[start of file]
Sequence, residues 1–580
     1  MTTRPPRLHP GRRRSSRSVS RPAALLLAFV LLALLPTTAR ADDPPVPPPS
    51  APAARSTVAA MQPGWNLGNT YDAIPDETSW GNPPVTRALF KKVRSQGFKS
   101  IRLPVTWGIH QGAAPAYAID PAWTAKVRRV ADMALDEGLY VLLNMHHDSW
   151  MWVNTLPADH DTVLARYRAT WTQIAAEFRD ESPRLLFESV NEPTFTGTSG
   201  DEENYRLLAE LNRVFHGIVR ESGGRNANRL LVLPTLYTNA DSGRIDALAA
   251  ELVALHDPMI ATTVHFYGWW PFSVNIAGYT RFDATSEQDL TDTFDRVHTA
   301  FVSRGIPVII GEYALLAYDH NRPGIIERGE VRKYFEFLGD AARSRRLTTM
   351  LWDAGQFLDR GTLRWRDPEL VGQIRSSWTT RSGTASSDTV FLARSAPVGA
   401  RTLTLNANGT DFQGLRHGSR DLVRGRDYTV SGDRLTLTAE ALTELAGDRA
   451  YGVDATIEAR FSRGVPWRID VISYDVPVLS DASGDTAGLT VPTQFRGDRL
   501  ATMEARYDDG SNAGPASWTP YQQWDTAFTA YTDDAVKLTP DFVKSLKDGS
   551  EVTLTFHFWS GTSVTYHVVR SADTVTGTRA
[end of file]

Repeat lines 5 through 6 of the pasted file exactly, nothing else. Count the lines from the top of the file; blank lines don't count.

   151  MWVNTLPADH DTVLARYRAT WTQIAAEFRD ESPRLLFESV NEPTFTGTSG
   201  DEENYRLLAE LNRVFHGIVR ESGGRNANRL LVLPTLYTNA DSGRIDALAA